Are Developed Countries Decadent?

Yes, provocatively says Ross Douthat, a conservative New York Times columnist, in a recent lengthy column that deserves reflection by us all. [1}


He starts with the assertion that in the 21st century the U.S. and other developed countries “are aging, comfortable and stuck, cut off from the past and no longer optimistic about the future, spurning both memory and ambition while we await some saving innovation or revelation, growing old unhappily together in the light of tiny screens.” In other words, we “really inhabit an era in which repetition is more the norm than invention; in which stalemate rather than revolution stamps our politics; in which sclerosis afflicts public institutions and private life alike; in which new developments in science, new exploratory projects, consistently underdeliver.”

This is an overall depiction of “decadence,” which Douthat defines as “economic stagnation, institutional decay and cultural and intellectual exhaustion at a high level of material prosperity and technological development .” This “stagnation is often a consequence of previous development.”

He then expands upon this opinion by examining current economic, social and political factors.


“The decadent economy is not an impoverished one. The United States [for example] is an extraordinarily wealthy country, its middle class prosperous beyond the dreams of centuries past, its welfare state effective at easing the pain of recessions, and the last decade of growth has (slowly) raised our living standard to a new high after the losses from the Great Recession.”

But, Douthat says, the U.S. and other developed canopies are not dynamic. “American entrepreneurship has been declining since the 1970s. . . . [There is] a slowdown, a mounting difficulty in achieving breakthroughs [in science and technology].”

One of the sources for this assertion was a 2017 paper by a group of economists, “Are Ideas Getting Harder to Find?” These economists asserted, ““We present a wide range of evidence from various industries, products, and firms showing that research effort is rising substantially while research productivity is declining sharply.”

Another source was Northwestern University economist, Robert Gordon, whom Douthat describes as “one of the most persuasive theorist of stagnation.” Gordon had concluded, “the period from 1840 to 1970 featured dramatic growth and innovation across multiple arenas — energy and transportation and medicine and agriculture and communication and the built environment. Whereas in the last two generations, progress has become increasingly monodimensional — all tech and nothing more.”


“America is a more peaceable country than it was in 1970 or 1990, with lower crime rates and safer streets and better-behaved kids. But it’s also a country where that supposedly most American of qualities, wanderlust, has markedly declined: Americans no longer “go west” (or east or north or south) in search of opportunity the way they did 50 years ago; the rate at which people move between states has fallen from 3.5 percent in the early 1970s to 1.4 percent in 2010. . . . Nor do Americans change jobs as often as they once did.”

“Those well-behaved young people are more depressed than prior cohorts, less likely to drive drunk or get pregnant but more tempted toward self-harm. They are also the most medicated generation in history, from the drugs prescribed for A.D.H.D. to the antidepressants offered to anxious teens, and most of the medications are designed to be calming, offering a smoothed-out experience rather than a spiky high.”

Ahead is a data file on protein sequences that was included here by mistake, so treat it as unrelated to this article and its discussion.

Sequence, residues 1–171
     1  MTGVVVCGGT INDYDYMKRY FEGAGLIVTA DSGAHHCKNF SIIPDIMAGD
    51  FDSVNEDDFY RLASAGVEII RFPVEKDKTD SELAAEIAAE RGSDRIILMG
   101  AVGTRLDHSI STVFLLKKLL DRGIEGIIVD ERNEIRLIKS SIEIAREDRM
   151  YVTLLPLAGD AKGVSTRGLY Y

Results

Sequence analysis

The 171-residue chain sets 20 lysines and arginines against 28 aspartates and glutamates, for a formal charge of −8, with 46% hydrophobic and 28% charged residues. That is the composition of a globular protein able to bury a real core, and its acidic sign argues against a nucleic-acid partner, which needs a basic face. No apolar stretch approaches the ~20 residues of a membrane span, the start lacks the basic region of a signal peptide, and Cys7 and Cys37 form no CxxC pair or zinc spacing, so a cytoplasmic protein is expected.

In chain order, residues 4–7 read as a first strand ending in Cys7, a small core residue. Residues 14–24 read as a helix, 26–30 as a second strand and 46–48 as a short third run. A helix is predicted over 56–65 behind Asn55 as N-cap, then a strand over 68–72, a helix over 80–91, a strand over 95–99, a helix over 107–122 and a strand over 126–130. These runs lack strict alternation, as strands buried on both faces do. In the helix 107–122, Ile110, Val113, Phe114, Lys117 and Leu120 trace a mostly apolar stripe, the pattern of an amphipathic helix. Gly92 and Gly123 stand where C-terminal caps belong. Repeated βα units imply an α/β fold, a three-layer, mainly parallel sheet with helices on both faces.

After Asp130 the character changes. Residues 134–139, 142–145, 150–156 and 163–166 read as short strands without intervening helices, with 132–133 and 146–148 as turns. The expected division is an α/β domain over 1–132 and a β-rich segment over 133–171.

“[P]eople are also less likely to invest in the future in the most literal of ways. The United States birthrate was once an outlier among developed countries, but since the Great Recession, it has descended rapidly, converging with the wealthy world’s general below-replacement norm. This demographic decline worsens economic stagnation; economists reckoning with its impact keep finding stark effects. A 2016 analysis found that a 10 percent increase in the fraction of the population over 60 decreased the growth rate of states’ per capita G.D.P. by 5.5 percent. A 2018 paper found that companies in younger labor markets are more innovative; another found that the aging of society helped explain the growth of monopolies and the declining rate of start-ups.”

“Sterility feeds stagnation, which further discourages childbearing, which sinks society ever-deeper into old age — makes demographic decline a clear example of how decadence overtakes a civilization. For much of Western history, declining birthrates reflected straightforward gains to human welfare: victories over infant mortality, over backbreaking agrarian economies, over confining expectations for young women. But once we crossed over into permanent below-replacement territory, the birth dearth began undercutting the very forces (youth, risk -taking, dynamism) necessary for continued growth, meaning that any further gains to individual welfare are coming at the future’s expense.”


“From Trump’s Washington to the capitals of Europe, Western politics is now polarized between anti-establishment forces that are unprepared to competently govern and an establishment that’s too disliked to effectively rule.”

“The structures of the Western system, the United States Constitution and administrative state, the half-built federalism of the European Union, are everywhere creaking and everywhere critiqued. But our stalemates make them impervious to substantial reform, let alone to revolution. The most strident European nationalists don’t even want to leave the European Union, and Trump’s first term has actually been much like Obama’s second, with failed legislation and contested executive orders, and policy made mostly by negotiation between the bureaucracy and the courts.”